What you need to know about keeping your business running through both minor hiccups and major catastrophes.
Following up on our about planning for disaster recovery, today, we’re going to expand on that theme and talk about the “whole enchilada,” of which disaster recovery is but one ingredient. Business continuity is the practice of keeping your business running through both minor hiccups and major catastrophes, and it encompasses a wide range of topics.
We’re all humans in this Age of Information, which means we’ve got on-demand access to just about everything we can think of on lots of different devices – movie times, pizza delivery, and cat videos all come to mind. Mobility has become far more than a buzzword; it’s now how we live with technology every single day. Smartphones, tablets, laptops link us to both play and work everywhere we go. Remote workers can turn a spare room at home into a fully-functional corporate office space. Simply put, in this day and age, for many people, there is no such thing as “out of the office.”
By now, everyone has at least a passing knowledge of what virtualization is and why they need it. In a nutshell, virtualization technology breaks the traditional dependency of software on the underlying hardware on which it runs, and allows for much greater deployment flexibility and better strategies for ensuring server and application uptime.
Data and System Protection
Of course, because we are only human, we make mistakes every day. Most of these aren’t all that important in the grand scheme of things, like forgetting your coffee in the car or getting immersed in your favorite website after your lunch hour ends. We’ve all accidentally deleted a file, or saved over changes that we realized later didn’t need to be made. Most firms have some form of backup in place (yours certainly does – right?), and it’s usually no problem to pop in a tape or log on to a cloud backup service and pull down last night’s copy of the file. A little extra work later, and you’re back where you need to be.
Sometimes it’s a little less trivial than an errant mouse-click. A hardware failure on a critical system can quickly endanger the smooth operation of your business. And with computers being what they are – complex machines with lots of moving parts – failures can happen in many ways: hard drives can give out, or power surges can overload the power supplies or take out network interfaces. Fortunately, the potentially disastrous effects of most conceivable failures can be mitigated easily with a little simple planning: configuring drives in a RAID array, utilizing redundant power supplies, and buying adequate surge protection and battery backup all eliminate single points of failure and significantly reduce the likelihood of a lone unwanted event taking out a system or the precious data on it.
The cost of high-speed Internet has plummeted dramatically in recent years, and the speeds only continue to increase. For less than the price of a PRI circuit (which is gradually transitioning to a place in the annals of Internet lore) businesses can now subscribe to fiber service providing up to 100 times the speed of a PRI, with some cash left over for a smaller backup line like DSL or a cellular LTE backup. With options of being tied together with a Sonicwall firewall appliance to provide near-instant failover if the primary Internet line goes down, as well as automatic failback for when it returns to service.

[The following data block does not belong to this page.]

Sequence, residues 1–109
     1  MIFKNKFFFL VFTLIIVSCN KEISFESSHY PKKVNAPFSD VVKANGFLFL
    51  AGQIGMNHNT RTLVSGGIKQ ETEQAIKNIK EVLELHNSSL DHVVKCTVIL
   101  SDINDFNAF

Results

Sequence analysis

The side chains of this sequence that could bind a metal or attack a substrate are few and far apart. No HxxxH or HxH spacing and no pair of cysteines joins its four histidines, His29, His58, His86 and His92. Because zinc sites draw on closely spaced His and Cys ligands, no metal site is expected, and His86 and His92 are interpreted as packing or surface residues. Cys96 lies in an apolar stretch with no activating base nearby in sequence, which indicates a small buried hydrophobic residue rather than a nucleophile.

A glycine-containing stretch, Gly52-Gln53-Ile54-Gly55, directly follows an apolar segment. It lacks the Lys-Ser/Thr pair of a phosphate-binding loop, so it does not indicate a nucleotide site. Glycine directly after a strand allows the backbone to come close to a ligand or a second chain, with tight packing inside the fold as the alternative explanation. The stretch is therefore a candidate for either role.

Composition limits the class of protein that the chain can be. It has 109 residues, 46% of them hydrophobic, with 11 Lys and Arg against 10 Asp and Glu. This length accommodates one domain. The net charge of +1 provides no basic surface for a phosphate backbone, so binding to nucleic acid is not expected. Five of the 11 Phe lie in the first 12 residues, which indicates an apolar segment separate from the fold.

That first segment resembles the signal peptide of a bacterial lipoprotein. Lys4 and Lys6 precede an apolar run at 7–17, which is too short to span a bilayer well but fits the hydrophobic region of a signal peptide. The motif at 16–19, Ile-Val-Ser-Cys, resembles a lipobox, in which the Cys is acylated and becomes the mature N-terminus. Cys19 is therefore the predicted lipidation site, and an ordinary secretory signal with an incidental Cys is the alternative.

Disaster recovery is the “worst-case scenario” in the business-continuity spectrum, and consequently, it requires the most forethought and planning to execute properly. Disaster recovery goes well beyond just bits and bytes, though – it is a comprehensive discipline that involves the identification and delegation of personnel, responsibilities, and timeframes when the unthinkable happens. And if your plan isn’t sound, your recovery won’t be either.
Rolling Everything Together
Of course, this very likely seems like a daunting task juggling all these different items and making sure you’re addressing everything properly. But in reality, these all just involve lots of little “ingredients” in that “whole enchilada.” Some of them, like protecting your systems and data, are crucial ingredients (the beans, meat, and cheese); others, like mobility, simply make life a little better (the guacamole). Disaster recovery requires a bit more planning than the others, of course, but in the end, it too essentially breaks down into baby steps.
If you’ve never approached business continuity from a high level before, we urge you to take the time and do it as soon as possible. How do you go about it without overwhelming your mind? Identify your critical business needs first – the “what.” Ask yourself, “What happens if I: …can’t send email? …access my CRM application? …use my CAD software?” From there, you can drill down into the “how, when, where, and who.” And of course, we can help you wade through the unknowns – so you can focus on how to just keep swimming.
Other Related Topics:
BeReady: Preparing for the Worst- What is the plan if something bad does happen? Who will contact other teammates? Who will get in touch with your vendors, clients, creditors? What if you have to move temporarily?
UPS: It’s not just a brown truck!– Uninterruptible Power Supplies, a simple but effective method to help in the protection of your technology equipment.